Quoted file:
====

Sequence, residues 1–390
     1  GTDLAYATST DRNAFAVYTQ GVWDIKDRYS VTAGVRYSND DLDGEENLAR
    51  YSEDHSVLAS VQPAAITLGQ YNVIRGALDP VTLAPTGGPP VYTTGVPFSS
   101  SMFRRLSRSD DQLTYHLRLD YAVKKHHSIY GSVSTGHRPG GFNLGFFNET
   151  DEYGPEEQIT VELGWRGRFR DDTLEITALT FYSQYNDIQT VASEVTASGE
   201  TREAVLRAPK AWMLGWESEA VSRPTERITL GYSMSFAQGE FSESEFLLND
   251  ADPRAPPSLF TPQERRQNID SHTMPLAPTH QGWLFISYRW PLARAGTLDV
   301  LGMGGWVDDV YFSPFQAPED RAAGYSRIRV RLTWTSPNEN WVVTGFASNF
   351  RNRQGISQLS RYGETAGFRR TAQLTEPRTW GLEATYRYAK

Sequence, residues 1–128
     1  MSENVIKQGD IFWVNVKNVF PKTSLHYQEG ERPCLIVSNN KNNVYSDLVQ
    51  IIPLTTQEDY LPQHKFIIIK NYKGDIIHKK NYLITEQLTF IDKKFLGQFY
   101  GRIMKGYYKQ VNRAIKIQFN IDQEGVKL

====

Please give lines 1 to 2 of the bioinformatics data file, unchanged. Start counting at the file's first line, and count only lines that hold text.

Sequence, residues 1–390
     1  GTDLAYATST DRNAFAVYTQ GVWDIKDRYS VTAGVRYSND DLDGEENLAR